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Millerton Presbyterian Church will be missed

The Millerton News Editorial

This week we report on a sad state of affairs in Millerton — after more than 174 years, the Millerton Presbyterian Church, fondly known to many as The Brown Church due to its dark-colored facade, announced that come Sunday, Jan. 23, it will give its final service and close its doors for good.

Like so many religious institutions, the Millerton Presbyterian Church just hasn’t been able to sustain itself throughout the coronavirus crisis. Right after COVID-19 was declared a pandemic, New Yorkers were among the millions being kept from attending their houses of worship around the globe, all in an effort to stay safe.

While the powers that be in the medical field and in our government were doing their best to protect us — unquestionably the right move — what they didn’t realize was that when they padlocked the pews our already dwindling church, temple and mosque populations were forced to come up with creative ways to maintain their masses.

Some institutions quickly turned to virtual services, a reasonable and ready approach to try to keep their members interested and involved in whatever programs they were offering. For some localities, this turned out to be successful, and for that we are grateful.

Many in our Harlem Valley community have continued with their online services, either adding them to their now returned to in-person programs or continuing with only virtual services for the time being, depending on their local COVID situation and comfort level at the moment.

Yet some others were either not able to pivot to online services during the pandemic or could not adjust successfully afterward, unfortunately. Many, already dealing with the challenge of dwindling membership during the past few years, lost even more congregants during the health crisis.

Some, like the Millerton Presbyterian Church, which did go virtual during the pandemic and continues to do so even now, took steps to draw additional community members at more convenient times, like on Saturday evenings. It also kept its sanctuary open to the community, but neither approach seemed to attract more members.

Of course, the church offered the traditional sermons and Sunday school, as well as Vacation Bible School (which had zero campers register this year), with the popular Pastor Zora Cheatham to draw in the crowds. Yet the response has grown more tepid as time passed, and as societal interests have changed.

The church has also offered multiple resources to Millerton residents for many years — many that may have gone unnoticed — but certainly not unappreciated. It hosted monthly community dinners for residents in need of either extra support or extra company; it was home to the Millerton Food Pantry for years; it housed the Medical Equipment Loan Closet; it offered free English as a Second Language classes; it held Spanish services for non-English speaking residents; it held Vacation Bible School; it housed a thrift store; it hosted Alcoholics Anonymous (AA) meetings for many years; and it offered countless other community services during its nearly 175 years of existence.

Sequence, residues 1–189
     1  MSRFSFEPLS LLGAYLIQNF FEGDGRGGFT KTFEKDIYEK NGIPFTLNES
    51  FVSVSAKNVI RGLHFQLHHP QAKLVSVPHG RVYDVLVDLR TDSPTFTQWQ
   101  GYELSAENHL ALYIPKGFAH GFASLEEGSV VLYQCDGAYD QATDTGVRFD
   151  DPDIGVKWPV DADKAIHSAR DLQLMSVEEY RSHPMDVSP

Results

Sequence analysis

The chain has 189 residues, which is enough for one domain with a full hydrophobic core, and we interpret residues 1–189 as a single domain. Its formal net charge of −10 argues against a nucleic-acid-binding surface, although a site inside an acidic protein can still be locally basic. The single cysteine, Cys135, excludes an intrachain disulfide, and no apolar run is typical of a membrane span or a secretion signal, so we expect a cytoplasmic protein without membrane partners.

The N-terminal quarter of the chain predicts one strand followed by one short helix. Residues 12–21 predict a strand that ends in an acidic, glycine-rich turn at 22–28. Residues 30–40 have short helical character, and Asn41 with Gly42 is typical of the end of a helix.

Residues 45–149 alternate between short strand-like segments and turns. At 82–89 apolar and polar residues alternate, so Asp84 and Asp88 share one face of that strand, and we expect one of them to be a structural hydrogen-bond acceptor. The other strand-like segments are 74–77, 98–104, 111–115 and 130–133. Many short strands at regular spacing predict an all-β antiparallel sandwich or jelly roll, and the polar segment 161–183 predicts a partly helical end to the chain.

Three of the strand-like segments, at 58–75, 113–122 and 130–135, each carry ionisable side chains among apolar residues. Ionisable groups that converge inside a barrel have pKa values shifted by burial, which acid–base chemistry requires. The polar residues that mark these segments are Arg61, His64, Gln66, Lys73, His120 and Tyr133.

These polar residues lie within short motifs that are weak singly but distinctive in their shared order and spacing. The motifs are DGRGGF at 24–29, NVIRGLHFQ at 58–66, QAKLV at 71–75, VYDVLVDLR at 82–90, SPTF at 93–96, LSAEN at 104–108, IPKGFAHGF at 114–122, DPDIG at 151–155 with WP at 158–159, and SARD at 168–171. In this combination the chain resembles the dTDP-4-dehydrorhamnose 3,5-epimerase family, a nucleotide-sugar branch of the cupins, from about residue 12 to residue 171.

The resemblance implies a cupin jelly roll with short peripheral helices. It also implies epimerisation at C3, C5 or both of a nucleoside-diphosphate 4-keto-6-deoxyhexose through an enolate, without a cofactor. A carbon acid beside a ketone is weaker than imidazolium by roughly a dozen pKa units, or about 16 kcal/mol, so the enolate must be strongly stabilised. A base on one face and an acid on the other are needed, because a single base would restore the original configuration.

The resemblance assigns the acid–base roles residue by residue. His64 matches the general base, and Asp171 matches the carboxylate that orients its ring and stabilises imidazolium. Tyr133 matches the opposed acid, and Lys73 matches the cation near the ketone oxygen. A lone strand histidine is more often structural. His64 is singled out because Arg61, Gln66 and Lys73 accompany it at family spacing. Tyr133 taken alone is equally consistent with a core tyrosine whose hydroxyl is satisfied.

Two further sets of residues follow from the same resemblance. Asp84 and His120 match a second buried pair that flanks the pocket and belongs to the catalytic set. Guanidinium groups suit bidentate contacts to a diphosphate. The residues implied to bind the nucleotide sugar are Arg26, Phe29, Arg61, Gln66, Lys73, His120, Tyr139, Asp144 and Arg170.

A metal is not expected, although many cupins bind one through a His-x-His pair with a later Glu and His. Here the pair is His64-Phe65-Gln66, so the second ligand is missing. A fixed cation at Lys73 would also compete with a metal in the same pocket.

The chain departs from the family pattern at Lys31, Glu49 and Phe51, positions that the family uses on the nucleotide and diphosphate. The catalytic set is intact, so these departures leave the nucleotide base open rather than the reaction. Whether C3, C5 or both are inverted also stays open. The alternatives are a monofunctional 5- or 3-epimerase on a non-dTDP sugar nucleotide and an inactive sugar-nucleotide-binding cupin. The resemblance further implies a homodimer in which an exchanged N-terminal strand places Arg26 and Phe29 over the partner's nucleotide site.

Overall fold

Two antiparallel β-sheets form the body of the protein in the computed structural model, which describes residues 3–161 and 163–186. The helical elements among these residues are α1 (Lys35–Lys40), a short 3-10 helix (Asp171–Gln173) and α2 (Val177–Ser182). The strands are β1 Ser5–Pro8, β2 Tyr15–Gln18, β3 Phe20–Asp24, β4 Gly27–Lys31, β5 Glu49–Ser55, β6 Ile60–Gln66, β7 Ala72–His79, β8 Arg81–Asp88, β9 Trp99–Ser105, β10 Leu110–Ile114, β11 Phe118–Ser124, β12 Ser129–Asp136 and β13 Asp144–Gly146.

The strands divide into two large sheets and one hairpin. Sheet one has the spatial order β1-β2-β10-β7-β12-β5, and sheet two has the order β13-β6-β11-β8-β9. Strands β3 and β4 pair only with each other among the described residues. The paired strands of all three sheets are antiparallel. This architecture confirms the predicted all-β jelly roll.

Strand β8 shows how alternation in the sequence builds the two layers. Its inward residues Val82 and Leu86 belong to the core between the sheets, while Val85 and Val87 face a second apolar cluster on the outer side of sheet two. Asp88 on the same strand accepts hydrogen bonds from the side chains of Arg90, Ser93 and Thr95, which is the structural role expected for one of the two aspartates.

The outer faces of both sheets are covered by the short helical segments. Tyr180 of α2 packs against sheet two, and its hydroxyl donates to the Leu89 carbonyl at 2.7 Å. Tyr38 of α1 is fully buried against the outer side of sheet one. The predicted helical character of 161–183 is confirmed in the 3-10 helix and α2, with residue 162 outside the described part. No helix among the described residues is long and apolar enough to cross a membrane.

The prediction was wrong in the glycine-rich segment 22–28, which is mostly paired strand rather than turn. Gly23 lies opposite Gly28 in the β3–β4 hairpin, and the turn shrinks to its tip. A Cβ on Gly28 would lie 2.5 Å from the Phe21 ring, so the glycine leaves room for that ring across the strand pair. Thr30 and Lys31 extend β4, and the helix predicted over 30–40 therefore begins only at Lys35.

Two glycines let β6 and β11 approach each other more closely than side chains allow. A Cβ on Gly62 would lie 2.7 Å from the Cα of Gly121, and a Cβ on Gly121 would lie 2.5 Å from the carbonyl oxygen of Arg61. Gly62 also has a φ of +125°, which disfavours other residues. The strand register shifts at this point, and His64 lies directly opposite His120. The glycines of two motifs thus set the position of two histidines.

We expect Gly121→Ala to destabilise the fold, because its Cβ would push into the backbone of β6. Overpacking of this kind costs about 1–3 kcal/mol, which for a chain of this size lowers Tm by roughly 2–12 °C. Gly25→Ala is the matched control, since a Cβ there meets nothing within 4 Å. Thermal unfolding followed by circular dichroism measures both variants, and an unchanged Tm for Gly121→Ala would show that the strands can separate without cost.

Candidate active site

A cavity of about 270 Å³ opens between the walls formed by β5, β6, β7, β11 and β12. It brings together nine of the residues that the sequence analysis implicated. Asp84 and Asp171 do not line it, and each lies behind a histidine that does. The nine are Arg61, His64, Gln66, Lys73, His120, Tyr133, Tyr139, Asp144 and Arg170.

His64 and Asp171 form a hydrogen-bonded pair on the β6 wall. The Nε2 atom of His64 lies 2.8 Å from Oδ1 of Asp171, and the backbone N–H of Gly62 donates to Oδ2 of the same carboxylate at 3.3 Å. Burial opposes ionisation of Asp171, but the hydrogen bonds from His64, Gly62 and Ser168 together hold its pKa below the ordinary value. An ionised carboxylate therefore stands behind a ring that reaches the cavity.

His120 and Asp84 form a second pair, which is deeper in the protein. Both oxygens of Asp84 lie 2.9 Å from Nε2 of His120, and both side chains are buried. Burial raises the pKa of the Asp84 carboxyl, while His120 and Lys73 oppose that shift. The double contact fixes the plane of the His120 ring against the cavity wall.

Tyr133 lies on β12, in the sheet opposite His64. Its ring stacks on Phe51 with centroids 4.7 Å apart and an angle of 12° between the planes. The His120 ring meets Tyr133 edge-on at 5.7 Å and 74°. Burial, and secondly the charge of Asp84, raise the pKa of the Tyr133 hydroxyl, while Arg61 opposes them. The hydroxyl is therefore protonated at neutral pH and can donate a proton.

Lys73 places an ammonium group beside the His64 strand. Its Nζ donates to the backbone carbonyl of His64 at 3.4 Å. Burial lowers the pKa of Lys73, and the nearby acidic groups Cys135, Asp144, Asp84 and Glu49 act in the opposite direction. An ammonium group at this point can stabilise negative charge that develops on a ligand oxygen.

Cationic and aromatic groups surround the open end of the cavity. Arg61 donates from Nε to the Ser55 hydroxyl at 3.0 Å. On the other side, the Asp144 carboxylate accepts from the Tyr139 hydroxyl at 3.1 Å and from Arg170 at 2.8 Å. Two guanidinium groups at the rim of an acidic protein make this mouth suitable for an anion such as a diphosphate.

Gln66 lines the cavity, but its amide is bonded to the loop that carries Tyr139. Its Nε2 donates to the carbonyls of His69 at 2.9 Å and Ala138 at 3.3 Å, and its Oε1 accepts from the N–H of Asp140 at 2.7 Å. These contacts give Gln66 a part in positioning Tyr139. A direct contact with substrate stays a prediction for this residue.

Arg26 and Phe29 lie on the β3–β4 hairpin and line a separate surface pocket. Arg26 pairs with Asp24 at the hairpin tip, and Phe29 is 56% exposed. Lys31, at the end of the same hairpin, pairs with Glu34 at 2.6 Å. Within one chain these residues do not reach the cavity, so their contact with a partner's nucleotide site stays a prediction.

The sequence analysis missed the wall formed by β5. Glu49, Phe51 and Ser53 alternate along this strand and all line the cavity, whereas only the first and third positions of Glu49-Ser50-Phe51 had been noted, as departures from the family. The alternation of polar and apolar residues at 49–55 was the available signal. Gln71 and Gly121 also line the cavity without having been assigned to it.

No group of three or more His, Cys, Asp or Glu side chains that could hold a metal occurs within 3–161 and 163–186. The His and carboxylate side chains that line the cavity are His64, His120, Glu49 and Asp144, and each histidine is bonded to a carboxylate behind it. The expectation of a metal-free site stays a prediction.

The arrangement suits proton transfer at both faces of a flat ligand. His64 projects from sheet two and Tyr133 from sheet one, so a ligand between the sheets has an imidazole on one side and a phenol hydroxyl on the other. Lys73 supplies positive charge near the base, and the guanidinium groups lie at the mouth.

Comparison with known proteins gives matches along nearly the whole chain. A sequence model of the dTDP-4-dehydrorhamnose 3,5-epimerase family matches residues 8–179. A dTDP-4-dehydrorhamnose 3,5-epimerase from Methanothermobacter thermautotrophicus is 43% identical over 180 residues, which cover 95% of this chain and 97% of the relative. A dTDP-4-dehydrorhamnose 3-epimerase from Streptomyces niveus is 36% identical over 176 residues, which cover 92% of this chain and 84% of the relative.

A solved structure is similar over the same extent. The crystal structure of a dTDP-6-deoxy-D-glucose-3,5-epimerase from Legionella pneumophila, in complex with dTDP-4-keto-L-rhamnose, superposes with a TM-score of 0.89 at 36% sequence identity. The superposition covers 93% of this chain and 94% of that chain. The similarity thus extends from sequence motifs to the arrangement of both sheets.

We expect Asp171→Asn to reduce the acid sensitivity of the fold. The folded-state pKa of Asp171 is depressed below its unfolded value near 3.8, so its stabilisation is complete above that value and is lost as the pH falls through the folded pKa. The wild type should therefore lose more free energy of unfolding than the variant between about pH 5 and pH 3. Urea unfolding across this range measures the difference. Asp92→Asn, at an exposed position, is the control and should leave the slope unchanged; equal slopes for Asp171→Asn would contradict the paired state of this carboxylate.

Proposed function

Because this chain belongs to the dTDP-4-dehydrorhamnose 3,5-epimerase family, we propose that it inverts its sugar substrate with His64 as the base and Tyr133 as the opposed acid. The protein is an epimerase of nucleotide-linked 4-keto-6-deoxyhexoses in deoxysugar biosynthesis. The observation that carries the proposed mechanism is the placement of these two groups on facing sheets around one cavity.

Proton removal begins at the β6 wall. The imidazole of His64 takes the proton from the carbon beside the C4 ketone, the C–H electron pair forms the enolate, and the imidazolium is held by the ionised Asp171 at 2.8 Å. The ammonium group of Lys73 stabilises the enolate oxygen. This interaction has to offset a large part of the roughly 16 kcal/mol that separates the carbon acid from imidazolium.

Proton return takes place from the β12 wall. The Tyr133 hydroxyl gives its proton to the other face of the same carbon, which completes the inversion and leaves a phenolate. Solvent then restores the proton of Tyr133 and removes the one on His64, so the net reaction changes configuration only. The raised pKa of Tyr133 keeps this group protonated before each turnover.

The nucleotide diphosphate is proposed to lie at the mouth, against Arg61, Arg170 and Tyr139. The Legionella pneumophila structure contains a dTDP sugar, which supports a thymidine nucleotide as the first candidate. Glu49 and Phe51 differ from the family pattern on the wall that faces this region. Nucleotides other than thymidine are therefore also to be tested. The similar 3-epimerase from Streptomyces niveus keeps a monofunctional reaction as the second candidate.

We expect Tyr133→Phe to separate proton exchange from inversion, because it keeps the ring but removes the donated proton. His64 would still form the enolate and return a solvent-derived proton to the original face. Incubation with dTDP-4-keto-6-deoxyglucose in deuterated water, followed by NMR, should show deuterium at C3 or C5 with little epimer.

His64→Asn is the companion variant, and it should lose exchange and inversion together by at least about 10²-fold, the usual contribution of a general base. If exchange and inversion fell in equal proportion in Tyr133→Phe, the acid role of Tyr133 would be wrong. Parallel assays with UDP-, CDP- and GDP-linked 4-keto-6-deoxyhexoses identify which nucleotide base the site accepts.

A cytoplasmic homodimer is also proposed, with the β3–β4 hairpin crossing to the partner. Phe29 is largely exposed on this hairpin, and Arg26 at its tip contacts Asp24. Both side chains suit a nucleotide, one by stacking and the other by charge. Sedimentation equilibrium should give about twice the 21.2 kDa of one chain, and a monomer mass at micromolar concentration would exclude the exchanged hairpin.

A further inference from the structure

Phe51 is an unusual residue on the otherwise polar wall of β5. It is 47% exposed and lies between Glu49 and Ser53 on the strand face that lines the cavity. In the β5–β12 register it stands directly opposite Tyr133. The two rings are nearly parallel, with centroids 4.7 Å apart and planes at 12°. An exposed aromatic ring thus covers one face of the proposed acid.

We hope another church or organization, perhaps the North East Community Center (NECC), will pick up on some of these essential social services in the village.

With The Brown Church soon gone, like far too many places of worship in our world — including right here in Millerton (remember St. Patrick’s Catholic Church, a mission church of Immaculate Conception in Amenia, founded in 1867; it closed in 2017 due to low attendance), the Millerton Presbyterian Church will sadly become another page in our history books before long.

This is all happening in a time when people are proving they need the positive support of their religion, or at least of humanity and how to treat one another, more than ever. We seem to be dealing with so much trauma these days — death and dying and personal loss — and are losing touch with ways to stay grounded.

If it can be done safely, people should be flocking to their houses of worship, to feel connected to a higher power who can bring them peace and positivity. Sadly, though, the trend has been that such places are closing.

The United Presbyterian Church of Amenia, a Civil War-era church that started construction in 1861 and was completed by 1865, had to face a similar fate in 2015, when its congregation dropped to only six active members.

Its sister church, the charming Gridley Chapel in Wassaic, a Gothic Revival-style chapel built in 1873, also struggled to exist. No longer in use, for many years it mainly served as a place of worship for special holiday services, weddings and baptisms — as have so many of our churches — as synagogues have for their holiday services, weddings, bar and bat mitzvahs and other celebrations.

With such low attendance and increasing operation and maintenance costs proving to be the same problem for the Millerton Presbyterian Church, the United Presbyterian Church of Amenia ultimately had to close after more than 250 years of serving the community. The Route 22 property, across from the popular Four Brothers Drive In Theatre, ultimately reverted back to the Hudson River Presbytery and is now home to the Silo Ridge Field Club offices. The building has been repaired and modernized by Silo Ridge, though the church structure remains as an homage to its long history in Amenia.

Hopefully, when COVID-19 is contained and the virus cured, congregations will return to support their houses of worship. Maybe one day, even the Millerton Presbyterian Church will be able to reopen its doors to the village it nurtured and loved since 1847.

We know many, including those of us as this newspaper, are going to miss The Brown Church dearly when it rings its church bells for the final time.

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